Once again, because Sytse is still in the Dutch Army in 1946, he boards a troop ship to fight for the preservation of the Dutch Colony in Indonesia. The spices from these islands are, of course, a great source of wealth that enriched the merchants of Holland. The government, naturally, is loathe to cede control. Speaking personally, I’ve never been fond of methods used by colonists, but this is not a series of posts about me. Suffice it to say I prefer to at least seem neutral. For information on the rebellion, perhaps it’s best to just suggest readers to search information.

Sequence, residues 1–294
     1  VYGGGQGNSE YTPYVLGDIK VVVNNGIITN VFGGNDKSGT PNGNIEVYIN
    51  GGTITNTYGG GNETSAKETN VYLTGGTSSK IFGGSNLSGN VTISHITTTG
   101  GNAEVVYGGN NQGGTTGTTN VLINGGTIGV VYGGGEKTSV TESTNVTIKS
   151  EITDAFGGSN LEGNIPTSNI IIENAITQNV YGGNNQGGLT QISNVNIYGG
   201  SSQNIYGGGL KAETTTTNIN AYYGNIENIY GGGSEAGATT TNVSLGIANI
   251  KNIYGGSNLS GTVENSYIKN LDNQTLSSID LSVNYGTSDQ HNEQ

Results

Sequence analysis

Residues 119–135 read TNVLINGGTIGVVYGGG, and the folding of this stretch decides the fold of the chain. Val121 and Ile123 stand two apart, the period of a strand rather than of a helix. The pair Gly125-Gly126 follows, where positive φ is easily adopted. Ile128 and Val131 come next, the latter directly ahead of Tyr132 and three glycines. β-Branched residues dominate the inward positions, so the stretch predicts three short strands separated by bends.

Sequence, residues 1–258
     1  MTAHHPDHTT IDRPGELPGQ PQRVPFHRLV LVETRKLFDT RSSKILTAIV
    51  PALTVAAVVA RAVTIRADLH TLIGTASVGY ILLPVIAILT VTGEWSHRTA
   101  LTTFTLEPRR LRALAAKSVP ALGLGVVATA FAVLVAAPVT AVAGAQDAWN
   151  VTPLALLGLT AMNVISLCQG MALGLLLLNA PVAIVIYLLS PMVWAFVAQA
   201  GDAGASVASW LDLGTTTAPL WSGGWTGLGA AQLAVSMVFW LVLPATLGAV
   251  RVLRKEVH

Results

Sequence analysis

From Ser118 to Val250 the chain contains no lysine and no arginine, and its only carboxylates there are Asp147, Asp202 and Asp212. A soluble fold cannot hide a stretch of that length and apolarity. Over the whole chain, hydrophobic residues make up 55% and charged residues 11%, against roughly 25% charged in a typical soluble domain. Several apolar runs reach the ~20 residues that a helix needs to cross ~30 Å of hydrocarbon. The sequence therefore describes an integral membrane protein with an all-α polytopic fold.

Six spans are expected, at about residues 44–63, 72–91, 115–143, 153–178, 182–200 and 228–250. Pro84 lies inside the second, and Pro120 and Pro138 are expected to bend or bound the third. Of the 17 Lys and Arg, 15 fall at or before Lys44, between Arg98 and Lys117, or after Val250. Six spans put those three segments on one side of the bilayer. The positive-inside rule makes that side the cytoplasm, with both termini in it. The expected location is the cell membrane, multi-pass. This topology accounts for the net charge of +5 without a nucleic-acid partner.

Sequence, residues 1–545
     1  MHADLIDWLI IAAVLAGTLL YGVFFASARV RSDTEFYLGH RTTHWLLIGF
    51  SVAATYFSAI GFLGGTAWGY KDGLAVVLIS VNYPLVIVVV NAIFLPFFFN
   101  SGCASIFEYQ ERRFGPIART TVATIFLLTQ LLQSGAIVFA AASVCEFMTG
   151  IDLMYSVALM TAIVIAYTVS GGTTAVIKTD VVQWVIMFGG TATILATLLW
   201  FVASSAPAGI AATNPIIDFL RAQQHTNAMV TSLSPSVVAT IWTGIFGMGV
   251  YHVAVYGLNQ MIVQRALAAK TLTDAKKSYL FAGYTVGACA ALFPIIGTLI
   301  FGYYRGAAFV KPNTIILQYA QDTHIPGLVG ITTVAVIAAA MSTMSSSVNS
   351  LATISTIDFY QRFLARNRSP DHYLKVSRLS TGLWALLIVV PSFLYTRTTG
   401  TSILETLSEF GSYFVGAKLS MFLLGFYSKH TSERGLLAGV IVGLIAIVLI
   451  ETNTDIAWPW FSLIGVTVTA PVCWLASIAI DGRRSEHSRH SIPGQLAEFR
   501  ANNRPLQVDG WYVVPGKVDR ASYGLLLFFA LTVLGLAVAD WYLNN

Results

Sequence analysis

With him at the rail of the ship are two Indonesians who are compatriots in the fight to come. Perhaps they are more aware of the serious nature the conflict will turn out to be since their expressions do not show much eagerness in comparison to Sytse. They will be proven right to look so dour.
On the journey south, an important and memorial to another Great War is passed. I’m sure no-one viewing it would be puzzled as to where it is located.
After what must have been an extremely long journey, Sytse finally arrives in a country vastly different in geography, climate and culture from the Lowlands of Europe.